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Formal Verification
Under the term formal verification we comprise the techniques used to reason formally about the behavior of digital systems. In a general way, the verification problem may be stated as follows: Given a specification of the behavior of a system and an implementation, verify formally that the implementation satisfies the specification. This definition is very general in the sense that there may be different types of specification, different types of implementations, and also, the concept of "satisfaction" may be interpreted in different ways. 
The main focus of our group is in the area of Model Checking and Language Containment. The former assumes a temporal logic formulation of the specification and it tries to prove that the implementation is a model of the specification. The latter models both the specification and implementation as automata defining languages, and it tries to prove that the language accepted by the implementation is contained on the language accepted by the specification. 
As an example of where formal verification can be applied is the (in)famous error in the Intel Pentium Chip. The processor computed an incorrect division whenever certain combination of operands were present. Formal verification specifically tries to avoid this kind of error by guaranteeing that the final product is "correct".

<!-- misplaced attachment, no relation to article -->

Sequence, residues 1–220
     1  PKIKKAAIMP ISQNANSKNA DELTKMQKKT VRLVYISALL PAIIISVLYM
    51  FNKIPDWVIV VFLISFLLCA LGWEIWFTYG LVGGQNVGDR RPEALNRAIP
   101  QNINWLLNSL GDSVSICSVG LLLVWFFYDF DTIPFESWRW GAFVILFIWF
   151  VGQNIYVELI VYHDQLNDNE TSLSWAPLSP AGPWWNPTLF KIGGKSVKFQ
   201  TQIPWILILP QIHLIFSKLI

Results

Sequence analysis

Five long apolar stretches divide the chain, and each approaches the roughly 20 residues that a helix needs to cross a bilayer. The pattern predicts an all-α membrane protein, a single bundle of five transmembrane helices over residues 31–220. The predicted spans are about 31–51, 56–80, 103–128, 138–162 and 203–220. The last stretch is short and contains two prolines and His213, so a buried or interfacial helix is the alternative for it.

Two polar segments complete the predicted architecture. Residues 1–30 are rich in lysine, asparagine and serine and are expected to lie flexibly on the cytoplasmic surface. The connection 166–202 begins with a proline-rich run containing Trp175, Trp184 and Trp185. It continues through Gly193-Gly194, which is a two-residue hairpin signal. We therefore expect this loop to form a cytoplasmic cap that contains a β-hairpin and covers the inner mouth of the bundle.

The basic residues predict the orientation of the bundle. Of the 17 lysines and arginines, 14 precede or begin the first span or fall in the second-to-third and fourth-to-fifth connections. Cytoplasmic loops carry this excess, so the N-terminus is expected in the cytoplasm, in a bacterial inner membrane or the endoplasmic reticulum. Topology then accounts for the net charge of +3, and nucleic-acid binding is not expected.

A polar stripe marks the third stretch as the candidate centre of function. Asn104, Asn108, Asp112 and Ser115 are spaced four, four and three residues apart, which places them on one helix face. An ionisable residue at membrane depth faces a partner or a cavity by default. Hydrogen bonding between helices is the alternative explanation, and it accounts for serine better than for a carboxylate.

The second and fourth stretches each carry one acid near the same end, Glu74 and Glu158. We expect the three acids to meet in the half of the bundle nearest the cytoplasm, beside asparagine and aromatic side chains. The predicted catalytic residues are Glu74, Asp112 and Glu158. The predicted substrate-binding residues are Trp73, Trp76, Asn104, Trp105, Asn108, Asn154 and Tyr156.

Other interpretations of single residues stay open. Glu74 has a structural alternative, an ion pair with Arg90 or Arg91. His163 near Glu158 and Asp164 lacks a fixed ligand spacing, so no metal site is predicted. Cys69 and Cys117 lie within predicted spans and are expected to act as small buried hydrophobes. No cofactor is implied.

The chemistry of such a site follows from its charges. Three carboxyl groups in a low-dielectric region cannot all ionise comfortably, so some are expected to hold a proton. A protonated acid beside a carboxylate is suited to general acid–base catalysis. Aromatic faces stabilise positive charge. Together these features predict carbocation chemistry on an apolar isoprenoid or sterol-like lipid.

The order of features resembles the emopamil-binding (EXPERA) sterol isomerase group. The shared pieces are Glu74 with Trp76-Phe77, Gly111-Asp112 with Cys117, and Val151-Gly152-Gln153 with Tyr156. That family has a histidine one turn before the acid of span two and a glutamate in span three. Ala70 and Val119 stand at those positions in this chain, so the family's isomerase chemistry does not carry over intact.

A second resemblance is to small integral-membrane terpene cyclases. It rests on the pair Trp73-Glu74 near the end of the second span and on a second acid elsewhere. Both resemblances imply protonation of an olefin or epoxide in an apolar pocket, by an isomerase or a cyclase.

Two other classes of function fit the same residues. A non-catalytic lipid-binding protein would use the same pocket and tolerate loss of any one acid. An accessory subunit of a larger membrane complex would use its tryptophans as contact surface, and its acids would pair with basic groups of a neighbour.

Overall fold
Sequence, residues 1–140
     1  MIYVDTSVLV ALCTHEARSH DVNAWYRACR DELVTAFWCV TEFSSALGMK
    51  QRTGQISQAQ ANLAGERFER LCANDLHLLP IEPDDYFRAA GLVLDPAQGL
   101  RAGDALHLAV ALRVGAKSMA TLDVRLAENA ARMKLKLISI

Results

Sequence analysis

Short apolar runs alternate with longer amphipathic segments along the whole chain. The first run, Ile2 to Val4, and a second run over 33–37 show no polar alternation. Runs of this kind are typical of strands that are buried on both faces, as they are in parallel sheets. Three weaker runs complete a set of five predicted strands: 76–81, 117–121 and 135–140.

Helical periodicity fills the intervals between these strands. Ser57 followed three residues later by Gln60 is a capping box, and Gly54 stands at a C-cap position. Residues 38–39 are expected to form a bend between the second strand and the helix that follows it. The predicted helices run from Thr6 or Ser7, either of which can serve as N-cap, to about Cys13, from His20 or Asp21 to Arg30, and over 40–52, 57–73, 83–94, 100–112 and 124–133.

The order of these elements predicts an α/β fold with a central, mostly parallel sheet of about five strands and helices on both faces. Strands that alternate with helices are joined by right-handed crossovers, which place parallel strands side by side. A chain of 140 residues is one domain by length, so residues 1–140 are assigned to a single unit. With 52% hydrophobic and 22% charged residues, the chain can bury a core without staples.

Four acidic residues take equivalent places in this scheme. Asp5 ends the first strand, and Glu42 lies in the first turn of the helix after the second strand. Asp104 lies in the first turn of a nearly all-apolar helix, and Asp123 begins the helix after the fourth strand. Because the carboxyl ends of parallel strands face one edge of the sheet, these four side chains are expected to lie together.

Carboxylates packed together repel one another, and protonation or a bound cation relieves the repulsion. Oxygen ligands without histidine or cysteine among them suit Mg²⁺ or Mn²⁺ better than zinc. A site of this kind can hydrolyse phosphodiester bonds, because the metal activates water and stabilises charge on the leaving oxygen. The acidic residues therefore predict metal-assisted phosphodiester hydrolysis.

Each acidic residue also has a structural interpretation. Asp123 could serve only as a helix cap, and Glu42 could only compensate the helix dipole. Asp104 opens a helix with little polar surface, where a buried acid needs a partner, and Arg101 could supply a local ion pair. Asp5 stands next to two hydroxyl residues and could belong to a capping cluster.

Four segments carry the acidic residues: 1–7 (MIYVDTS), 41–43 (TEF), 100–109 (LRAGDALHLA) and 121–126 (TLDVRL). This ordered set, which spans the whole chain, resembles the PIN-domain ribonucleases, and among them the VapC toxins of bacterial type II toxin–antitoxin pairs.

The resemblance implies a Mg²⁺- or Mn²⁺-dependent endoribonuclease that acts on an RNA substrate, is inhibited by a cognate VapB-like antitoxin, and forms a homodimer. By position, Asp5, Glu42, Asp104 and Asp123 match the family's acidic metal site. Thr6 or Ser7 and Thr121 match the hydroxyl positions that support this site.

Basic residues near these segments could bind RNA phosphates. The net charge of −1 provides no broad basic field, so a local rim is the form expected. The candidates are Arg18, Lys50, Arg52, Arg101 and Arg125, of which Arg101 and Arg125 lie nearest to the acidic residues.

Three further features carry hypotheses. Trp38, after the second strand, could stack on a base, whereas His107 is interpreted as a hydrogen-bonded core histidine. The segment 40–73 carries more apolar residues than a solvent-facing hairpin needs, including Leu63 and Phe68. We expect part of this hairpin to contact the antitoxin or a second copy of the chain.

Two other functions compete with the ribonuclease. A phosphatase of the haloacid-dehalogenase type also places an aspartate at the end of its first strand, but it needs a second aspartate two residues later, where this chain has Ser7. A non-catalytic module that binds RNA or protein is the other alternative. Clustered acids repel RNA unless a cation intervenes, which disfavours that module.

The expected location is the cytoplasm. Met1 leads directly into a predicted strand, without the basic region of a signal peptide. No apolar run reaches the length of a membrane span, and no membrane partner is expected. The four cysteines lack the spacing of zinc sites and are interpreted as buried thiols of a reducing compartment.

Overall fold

VLSI Design and EDA
With the relentless advance of VLSI processing technology to Deep Sub-micron (DSM) dimensions, many new problems are being encountered which force us to rethink the manner in which VLSI design is performed. 
Our research in VLSI design focuses on novel VLSI design/layout techniques for digital/analog design designs. We address several of the problems that plague DSM VLSI design. Our focus on Electronic Design Automation (EDA) focuses on logical and physical design automation for DSM VLSI systems. 
The current focus of our group includes areas like Extreme low-power VLSI design, Datapath Design Automation, Cross-talk in DSM VLSI design, High-speed I/O Interfaces, Silicon-on- Insulator CMOS Design, Mixed-signal Testing using Multi-valued Satisfiability techniques, Layout Fabrics for Deep Sub-micron IC Design, VLSI Routing, Timing Analysis in the presence of Cross-talk, SPFDs and their application to Logic Synthesis, Multi-valued Logic and Hierarchical Synthesis. 
Binary Decision Diagrams (BDDs)
Decision Diagrams are used to represent switching functions as well as functions ranging from {0,1}^n to an arbitrary set:. Our research in decision diagrams includes (but not limited to) Binary Decision Diagrams (BDDs), Algebraic Decision Diagrams (ADDs), and Zero-suppressed Binary Decision Diagrams (ZDDs). CU Decision Diagram (CUDD), a decision diagram package developed by our group,  is being used widely in industry and academia.

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